These people had been waiting for more than 10 years for their dream houses to be completed. They signed their Sale and Purchase Agreements (SPA) with the developer in 1993, with the view of occupying their units by 1995. They did not. In 2000, the developer folded up and the Official Receiver took over.

What is regretful, according to one of the affected purchasers Husin Abdul Ghani, is that despite having taken over the affairs of the developer some five years ago, the Official Receiver has not given the purchasers any feedback on the status of the project.

I discussed this matter with a senior lawyer, asking him about the seemingly indifferent attitude of the Official Receiver to the plight of the purchasers. He is of the opinion that the real problem is that the receiver - a Government official - does not have any clue as to the steps he should take to resolve the problem.

Obviously, that officer needs an urgent refresher course in housing law, an area in which he apparently lacks. A real tragedy indeed - if my friend’s assumption is correct.

The Ampang case is not the only story of a public agency’s inability to help purchasers victimised by rogue developers. Another story I came across in August 2004 concerns the Tribunal for Homebuyer Claims, which was established when the Housing Developers Act was revamped in 2001.

In the report published by a leading Malay newspaper, a tribunal spokesman said the panel “is in no position to give any help or provide any legal remedy” to purchasers whose housing projects have been abandoned by developers.

Such purchasers cannot file their claims with the tribunal. Their only remedy, the spokesman said, would be to report the matter to the ministry’s Enforcement Division, which would then initiate the necessary resolution.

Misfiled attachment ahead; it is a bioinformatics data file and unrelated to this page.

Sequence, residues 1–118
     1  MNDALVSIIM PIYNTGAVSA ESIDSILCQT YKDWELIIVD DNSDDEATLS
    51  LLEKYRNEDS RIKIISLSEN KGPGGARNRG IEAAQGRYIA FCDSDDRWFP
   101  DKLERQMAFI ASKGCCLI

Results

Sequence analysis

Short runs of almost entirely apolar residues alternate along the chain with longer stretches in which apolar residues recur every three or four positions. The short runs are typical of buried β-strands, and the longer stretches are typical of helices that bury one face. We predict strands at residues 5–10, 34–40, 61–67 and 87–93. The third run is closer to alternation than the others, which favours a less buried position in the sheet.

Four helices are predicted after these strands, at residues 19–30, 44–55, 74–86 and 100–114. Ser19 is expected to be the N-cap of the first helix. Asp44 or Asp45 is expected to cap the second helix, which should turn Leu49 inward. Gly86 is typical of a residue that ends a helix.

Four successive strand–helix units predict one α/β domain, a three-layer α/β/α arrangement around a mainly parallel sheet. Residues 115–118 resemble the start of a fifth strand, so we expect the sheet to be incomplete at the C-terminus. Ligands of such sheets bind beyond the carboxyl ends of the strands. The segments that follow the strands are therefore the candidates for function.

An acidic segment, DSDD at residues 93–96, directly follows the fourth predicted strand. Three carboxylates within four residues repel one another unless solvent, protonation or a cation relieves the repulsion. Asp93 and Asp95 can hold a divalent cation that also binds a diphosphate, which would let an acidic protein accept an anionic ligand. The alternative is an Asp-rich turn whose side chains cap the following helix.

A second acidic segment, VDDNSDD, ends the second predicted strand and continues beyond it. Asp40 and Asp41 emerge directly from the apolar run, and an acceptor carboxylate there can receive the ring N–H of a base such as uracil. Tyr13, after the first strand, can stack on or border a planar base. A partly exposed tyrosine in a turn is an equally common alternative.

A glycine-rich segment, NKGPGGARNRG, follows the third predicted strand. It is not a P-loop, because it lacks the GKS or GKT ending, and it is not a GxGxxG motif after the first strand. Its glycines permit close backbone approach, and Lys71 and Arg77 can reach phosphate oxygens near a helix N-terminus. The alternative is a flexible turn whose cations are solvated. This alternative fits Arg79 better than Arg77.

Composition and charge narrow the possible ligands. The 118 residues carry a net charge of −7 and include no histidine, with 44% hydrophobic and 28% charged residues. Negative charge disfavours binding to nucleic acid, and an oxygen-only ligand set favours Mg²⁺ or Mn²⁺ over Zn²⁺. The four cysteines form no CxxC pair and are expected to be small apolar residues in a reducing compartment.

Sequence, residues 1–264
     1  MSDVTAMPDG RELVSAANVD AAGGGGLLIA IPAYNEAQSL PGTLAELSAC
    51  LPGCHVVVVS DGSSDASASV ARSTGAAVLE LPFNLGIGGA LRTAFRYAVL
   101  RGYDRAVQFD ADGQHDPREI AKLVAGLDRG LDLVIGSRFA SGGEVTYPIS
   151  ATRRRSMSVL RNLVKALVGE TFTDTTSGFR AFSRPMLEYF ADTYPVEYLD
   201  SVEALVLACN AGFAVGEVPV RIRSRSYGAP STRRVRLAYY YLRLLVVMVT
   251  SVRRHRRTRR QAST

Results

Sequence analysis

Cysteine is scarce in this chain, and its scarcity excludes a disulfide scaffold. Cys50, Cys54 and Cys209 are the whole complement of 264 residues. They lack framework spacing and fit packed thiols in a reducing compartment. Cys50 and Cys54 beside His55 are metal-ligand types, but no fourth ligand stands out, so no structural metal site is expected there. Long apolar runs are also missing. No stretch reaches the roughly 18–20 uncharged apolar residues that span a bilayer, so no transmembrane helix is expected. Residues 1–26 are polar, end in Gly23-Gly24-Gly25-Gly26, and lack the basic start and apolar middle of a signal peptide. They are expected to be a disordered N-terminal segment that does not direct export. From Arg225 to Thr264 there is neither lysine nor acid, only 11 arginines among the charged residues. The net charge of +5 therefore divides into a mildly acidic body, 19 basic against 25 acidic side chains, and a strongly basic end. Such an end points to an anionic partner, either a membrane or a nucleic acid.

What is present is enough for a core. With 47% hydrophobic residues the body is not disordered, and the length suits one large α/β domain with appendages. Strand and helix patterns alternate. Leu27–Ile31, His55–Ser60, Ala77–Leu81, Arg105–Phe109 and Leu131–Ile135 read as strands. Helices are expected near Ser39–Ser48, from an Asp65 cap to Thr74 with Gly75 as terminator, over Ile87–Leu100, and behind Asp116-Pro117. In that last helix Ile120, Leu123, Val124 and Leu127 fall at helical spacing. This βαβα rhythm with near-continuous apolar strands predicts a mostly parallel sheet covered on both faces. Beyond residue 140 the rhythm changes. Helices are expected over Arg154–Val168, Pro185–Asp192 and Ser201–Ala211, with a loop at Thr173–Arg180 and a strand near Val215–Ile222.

This response came in the tribunal’s reply to a query raised by one of the purchasers of the Lembah Beringin housing project, undertaken by a subsidiary of the Land & General Group of Companies. The project began in 1997 but has since been abandoned.

As you peer ahead into 2006, the question would be, “So, what else is new?”

You buy a house from a developer, persuaded by claims published in a glossy, illustrated brochure. Many years later, after spending a lot of money, the project is abandoned. Bankruptcy had caused the developer to fold up, or simply disappear.

You go to the Official Receiver for help, but you do not get any. You go to the housing tribunal, but you are told that under the law, it is unable to help. So you go to the Housing Ministry, which says that your housing project has “no potential” of being rehabilitated!

You planned to buy a dream home, but you ended up with a big debt and bigger heartache.

The only thing left for you to do is get together with the other distressed and angry purchasers and stage a demonstration in public, putting pressure on the developer (if it is still around) to do something. And, pray that the developer will respond favourably.

The last thing you will expect is a RM50 million defamation suit filed against you by the developer. But that is what happened in Bukit Mertajam in December 2005. However, this is another story.

If this collection of tragic tales does not convince you of the need for the build-then-sell system of housing delivery, then I do not know what else will ... .

Salleh Buang is senior advisor of a company specialising in competitive intelligence. He is also active in training and public speaking and can be reached at